Separate names with a comma.
Discussion in 'Language Notes' started by Aqdas, Sep 9, 2006.
jazakAllah for the correction.
I think your original question should have been whether مناظِرة (munazirah) is masculine or feminine, not مناظَرة (munazarah). مناظِرة means a "female debator" and مناظَرة means "to debate"; they both have the same numerical (abjadi) value because they have the same letters. The sentence "you are not munazir, you are munazara", should be "you are not munazir, you are munazira".
my original question was in the refutation forum but it has now come to the language notes.
the reason it was in the refutation is because there was once a debate between manzoor ahmad nu'mani and mawlana hashmat ali lakhnawi rahimahullah.
manzoor said, "do you know who i am? i am manzoor which has 5 letters and i am a munazir which has 5 letters".
since mawlana hashmat ali was very present minded and could refute any deobandi argument with his genius intellect he at once replied, "you are not munazir, you are munazara (feminine) because manzoor and munazara have the same abjad value!"
to this, manzoor had no reply. mawlana hashmat ali said i am the munazir (masculine) and you the munazara (feminine).
"Nusrah" is also a masdar of nasara-yansuru (to help) and has the same meaning as "nasr". Verbs which have only three root letters with no additions (thulathi mujarrad) can have multiple masdars, like sami'a-yasma'u, which has both sam' and sama' as masdars. Other verbs (thulathi mazid fih, ruba'i mujarrad and ruba'i mazid fih) have fixed masdars except for two things: 1. al-Ism al-Masdar, which is created from a fixed masdar with the removal of some letters e.g. kalam came from takallum and wudu' came from tawaddu' and 2. al-Masdar as-Sana'i which is made by adding the al-Ism al-Mansub (iyyah), e.g. nasir (helper) can become nasiriyyah (to be of help) and ma'dhur (excused) can become ma'dhuriyyah (to be excused).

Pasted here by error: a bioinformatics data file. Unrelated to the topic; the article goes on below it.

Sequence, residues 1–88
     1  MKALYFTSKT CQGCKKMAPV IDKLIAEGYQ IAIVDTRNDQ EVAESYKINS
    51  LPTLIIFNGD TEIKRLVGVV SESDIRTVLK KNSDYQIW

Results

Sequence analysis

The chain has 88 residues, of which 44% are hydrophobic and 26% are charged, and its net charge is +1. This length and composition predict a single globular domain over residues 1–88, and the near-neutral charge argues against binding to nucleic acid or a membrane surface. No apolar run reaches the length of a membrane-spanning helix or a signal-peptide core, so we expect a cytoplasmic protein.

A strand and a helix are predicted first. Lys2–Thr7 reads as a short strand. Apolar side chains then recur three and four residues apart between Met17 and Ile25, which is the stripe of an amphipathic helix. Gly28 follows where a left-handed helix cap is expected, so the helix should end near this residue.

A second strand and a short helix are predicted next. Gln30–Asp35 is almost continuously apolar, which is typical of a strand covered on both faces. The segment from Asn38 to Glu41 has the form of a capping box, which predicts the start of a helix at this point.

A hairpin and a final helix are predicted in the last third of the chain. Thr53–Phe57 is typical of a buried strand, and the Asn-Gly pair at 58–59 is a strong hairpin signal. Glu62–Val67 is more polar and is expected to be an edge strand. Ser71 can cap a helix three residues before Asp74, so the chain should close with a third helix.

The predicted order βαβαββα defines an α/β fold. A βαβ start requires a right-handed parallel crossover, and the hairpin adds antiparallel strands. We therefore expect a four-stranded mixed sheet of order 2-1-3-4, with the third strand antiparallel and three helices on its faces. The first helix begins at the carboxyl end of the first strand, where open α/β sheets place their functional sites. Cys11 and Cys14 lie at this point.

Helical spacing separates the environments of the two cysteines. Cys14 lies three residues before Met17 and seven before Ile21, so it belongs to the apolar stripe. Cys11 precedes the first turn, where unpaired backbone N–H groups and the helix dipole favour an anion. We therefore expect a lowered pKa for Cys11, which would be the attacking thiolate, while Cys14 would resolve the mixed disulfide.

i apologize for my ignorance but, what is 'nusrah'?
Im sure by "al-masdaru la yuannath wa la yudhakkar" is not meant a masdar is neither feminine nor masculine, rather it means "a masdar cannot be feminized (if it is masculine) nor masculinized (if it is feminine)". The essence of a masdar is neither masculine nor feminine but its construction will cause it to be either masculine or feminine; for example, ibadah (worship) is feminine and nasr (to help) is masculine, but neither of these can assume the opposite gender. Similarly, "munazarah" is feminine.
It is a masdar (verbal noun) on the scale mufa'alah and is feminine because of the ta marbutah (the ta attached to the end). All nouns in Arabic are either feminine or masculine, either due to its essence (haqiqah) or composition (lafz).
is the word munazara (debate) feminine, masculine or neither?